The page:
White pine planting location

Asked October 23, 2016, 11:19 AM EDT

Hello. I am hoping you can answer some questions I have about white pines. I recently planted 3 baby white pines near the top of a slope which is about 3 feet tall. There is a small stream below (see pic - trees are in upper right). I am hoping that one of them will ultimately prosper. I am hoping that their root systems will help stop erosion of my driveway. My questions are: 1) Have I planted the trees too close to the slope such that their root systems will be less stable than they should be? I have a cabin located 35 feet to the right from the trees. If so, should I move the trees further from the slope and how far? 2) there is a water well in the vicinity of these trees. Is there risk that the roots could damage the well? 3) in another area I have buried power lines in the vicinity of some small white pines. Is it possible that the roots will cause a problem for the cables? Thank you very much for your help. Bob Ferderer 6 Billies Trail Lutsen, MN rjferde@hotmail.com

Cook County Minnesota planting white pines horticulture

3 Responses

White pines need light moisture - not too much and not too little. Make sure your site is not too dry. 35 feet away from a structure is too close. They can fall in storms, and when they do, they do a lot of damage. It should be mature-tree height away from any structure (nearly 100 feet).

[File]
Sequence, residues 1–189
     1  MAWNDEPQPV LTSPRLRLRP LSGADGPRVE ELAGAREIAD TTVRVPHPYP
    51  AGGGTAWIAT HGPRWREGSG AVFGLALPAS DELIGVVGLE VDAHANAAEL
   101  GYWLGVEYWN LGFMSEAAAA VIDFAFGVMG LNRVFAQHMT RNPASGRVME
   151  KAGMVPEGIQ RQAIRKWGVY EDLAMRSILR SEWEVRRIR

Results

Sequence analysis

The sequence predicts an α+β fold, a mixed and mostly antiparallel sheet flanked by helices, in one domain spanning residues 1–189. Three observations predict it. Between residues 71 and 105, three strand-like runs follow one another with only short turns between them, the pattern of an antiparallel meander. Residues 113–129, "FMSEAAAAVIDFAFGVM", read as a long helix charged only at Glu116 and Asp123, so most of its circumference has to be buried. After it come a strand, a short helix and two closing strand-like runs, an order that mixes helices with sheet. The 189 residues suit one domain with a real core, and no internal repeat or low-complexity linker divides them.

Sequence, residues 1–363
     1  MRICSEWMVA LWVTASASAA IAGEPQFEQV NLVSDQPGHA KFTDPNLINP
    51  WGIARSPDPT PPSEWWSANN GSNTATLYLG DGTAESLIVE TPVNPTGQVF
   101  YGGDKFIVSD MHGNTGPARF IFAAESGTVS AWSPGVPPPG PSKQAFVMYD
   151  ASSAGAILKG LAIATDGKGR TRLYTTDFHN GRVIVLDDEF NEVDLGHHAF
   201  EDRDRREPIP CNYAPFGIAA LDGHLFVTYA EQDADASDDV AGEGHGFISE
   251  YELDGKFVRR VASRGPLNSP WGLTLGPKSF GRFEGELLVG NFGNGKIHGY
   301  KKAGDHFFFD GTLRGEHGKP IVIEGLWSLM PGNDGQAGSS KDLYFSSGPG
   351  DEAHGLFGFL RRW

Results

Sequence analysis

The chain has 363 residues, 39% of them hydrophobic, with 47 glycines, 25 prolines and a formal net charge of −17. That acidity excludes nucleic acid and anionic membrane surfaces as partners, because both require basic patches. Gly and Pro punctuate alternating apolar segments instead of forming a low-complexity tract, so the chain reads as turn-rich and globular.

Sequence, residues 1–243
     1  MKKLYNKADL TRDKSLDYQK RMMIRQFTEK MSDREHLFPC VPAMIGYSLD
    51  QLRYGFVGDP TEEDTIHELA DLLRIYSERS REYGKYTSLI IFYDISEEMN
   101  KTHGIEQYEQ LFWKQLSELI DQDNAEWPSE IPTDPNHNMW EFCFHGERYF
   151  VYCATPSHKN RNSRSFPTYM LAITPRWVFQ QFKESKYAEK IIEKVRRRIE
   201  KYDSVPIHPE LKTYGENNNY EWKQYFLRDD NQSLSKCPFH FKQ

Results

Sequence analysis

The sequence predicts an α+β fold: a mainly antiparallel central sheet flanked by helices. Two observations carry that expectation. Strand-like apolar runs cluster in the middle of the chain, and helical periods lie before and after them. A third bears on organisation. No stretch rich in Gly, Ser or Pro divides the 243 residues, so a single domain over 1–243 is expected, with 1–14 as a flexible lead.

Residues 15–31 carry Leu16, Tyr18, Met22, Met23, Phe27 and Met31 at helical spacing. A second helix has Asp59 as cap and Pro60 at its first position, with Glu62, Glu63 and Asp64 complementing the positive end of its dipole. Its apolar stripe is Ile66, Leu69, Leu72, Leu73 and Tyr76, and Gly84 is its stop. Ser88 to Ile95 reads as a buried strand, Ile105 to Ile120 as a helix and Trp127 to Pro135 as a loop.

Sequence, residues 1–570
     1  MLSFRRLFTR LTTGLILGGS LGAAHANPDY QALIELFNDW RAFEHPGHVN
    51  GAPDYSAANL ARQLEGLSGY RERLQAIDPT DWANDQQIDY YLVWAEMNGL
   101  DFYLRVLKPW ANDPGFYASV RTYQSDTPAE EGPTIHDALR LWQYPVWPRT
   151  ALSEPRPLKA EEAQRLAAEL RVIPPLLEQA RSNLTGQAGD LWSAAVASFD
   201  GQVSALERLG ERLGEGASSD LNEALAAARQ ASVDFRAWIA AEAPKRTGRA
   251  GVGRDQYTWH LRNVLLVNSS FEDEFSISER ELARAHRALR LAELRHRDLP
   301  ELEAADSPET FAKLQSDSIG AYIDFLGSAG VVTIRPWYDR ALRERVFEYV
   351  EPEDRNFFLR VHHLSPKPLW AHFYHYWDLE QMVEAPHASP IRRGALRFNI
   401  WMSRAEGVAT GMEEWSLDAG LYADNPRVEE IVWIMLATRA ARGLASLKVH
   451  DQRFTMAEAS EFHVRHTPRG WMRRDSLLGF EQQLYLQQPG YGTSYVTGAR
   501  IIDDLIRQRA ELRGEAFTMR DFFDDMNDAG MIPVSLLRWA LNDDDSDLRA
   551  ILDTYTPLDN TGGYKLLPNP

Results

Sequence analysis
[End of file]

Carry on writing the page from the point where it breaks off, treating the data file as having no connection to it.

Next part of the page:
It is hard to tell from the photo how steep the hill is. White pines certainly survive on the tops of hills (but that makes it a lightning magnet). And although they grow faster in full sun, they are more prone to insects and disease. They do quite will in about 50% sunlight.

White pine's roots are not as aggressive as, say, a cottonwood's roots. But you didn't say how close the well is.
Here are two references:
(http://www.dnr.state.mn.us/treecare/whitepine/whereplant.html
http://queticosuperior.org/white-pine-initiative/how-to-plant-white-pine-trees

Thank you very much for the response. it sounds like I should move the trees to a spot that's further from the cabin. Can you recommend a different type of tree that would help stop erosion but would be safer so close to the cabin?

For soil erosion, you might try a shrub or a native grass, since they would establish faster. Here is a good list:
http://www.extension.umn.edu/garden/yard-garden/landscaping/best-plants-for-tough-sites/docs/08464-s...

When using a list like this, be very zone-aware. If you are near Lutsen, you could be anywhere from zone 4 to zone 2, depending on how far from the lake you are.